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On-line assignments: reducing potential classroom conflict ...

Beyond social networks and student’s “who is hot” rating games: craziness in the classroom …

There is no doubt that we live in perilous times. Whether you accept the hypothesis that digital desensitization leads to egregious actions or can promote physical violence, you must accept the fact that there are some among us that are waiting for a trigger event – the proverbial straw that broke the camel’s back – before exploding in an unacceptable manner. Unpredictable people may require instructors to become more aware of the implications of digital classrooms, digital assignments and instructional message boards.

Watching what one says on school message boards …

We are living in a digital age, where people who use message boards may appear to be somewhat divorced from the niceties of more traditional face-to-face communication. Because of this digital isolation, many feel comfortable saying things that they would not ordinarily say – or, conversely, to take extreme offense at what others are saying about them.

Beyond constructive criticism …

While academic freedom demands that all students be able to render their opinion in an objective manner, there are some modalities of digital conversation that produce adverse reactions or escalate emotions into interpersonal feuds.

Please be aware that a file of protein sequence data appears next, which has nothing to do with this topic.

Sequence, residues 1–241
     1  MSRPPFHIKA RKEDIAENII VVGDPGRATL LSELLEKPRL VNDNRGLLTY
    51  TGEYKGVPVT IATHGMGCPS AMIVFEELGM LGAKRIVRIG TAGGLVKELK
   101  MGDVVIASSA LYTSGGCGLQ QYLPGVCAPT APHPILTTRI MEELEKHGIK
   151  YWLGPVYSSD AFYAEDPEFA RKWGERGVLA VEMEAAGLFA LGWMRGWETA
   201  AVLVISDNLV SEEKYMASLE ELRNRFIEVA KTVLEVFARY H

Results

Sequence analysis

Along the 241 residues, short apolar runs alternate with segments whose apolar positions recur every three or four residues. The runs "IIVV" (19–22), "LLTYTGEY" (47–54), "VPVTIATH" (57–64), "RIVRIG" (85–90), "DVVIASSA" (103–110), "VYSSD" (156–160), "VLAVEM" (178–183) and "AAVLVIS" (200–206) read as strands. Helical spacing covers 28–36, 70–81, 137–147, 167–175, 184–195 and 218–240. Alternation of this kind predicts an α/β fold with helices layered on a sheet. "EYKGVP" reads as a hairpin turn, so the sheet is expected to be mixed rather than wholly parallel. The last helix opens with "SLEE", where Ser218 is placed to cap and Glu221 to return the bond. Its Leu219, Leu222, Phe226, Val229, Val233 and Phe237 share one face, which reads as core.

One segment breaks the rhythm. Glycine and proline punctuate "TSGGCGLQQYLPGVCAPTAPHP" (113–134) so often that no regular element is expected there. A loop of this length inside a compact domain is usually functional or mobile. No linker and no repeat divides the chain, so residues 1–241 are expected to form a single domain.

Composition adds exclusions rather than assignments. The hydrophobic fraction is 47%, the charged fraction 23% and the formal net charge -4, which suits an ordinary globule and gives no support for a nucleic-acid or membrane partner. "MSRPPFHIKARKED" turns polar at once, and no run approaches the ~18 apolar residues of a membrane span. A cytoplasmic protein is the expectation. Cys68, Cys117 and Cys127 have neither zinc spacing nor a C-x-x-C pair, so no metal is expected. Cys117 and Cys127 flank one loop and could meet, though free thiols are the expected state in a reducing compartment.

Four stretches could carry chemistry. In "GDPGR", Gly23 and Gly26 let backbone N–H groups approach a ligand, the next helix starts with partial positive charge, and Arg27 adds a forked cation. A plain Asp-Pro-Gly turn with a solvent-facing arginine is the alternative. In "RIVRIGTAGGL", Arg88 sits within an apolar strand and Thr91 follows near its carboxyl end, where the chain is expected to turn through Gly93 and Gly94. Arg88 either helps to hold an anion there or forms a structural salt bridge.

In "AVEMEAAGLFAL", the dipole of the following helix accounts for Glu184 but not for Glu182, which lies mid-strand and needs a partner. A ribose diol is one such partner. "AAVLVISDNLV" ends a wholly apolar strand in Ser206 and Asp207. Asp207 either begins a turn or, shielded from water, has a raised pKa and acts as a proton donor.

Personalization of comments which criticizes the person rather than the person’s behavior or subject matter at hand.

Using inappropriate descriptive language which pokes fun at an individual based on some physical characteristic.

Deliberately excluding a person from the conversation by not answering a direct query.

Going for “funny” and making a lame or derogatory joke that may be misperceived.

Directing comments at fellow students when they should be directed at the instructor.

Piling on where the overwhelming majority of commenters attack another commenter.

Instructor warning …

In some select cases, instructors appear to encourage intra-class competition; sometimes in ways that may put students at risk of retaliation from their fellow students. These are the teachers who demand the fellow students criticize each other in a personal manner rather than responding to the subject matter at hand.

In some preparatory- or professional- level classes, students may be asked to criticize their fellow student’s personality, academic achievement, learning abilities, schoolwork and other characteristics – somewhat like the 360-degree peer review process found in pre-employment preparation or in the workplace.

Unfortunately, when such a practice is introduced into an un-moderated digital realm, it can easily escalate beyond bruised egos to resentment – possibly rising to additional cyber-bullying or a physical confrontation to seek redress for real or imagined slights. Escalating beyond an academic exercise into concerns for a student’s safety at the next classroom meeting.

Anonymous vs. named responses …

It appears that demanding a respondent use their own name or class-id does tend to lead to self-moderation of comments. Therefore it is always preferable to demand that all comments be sponsored.

Guidance for students …

Courtesy of the Martin Community College Online Teaching Resource Center …

Netiquette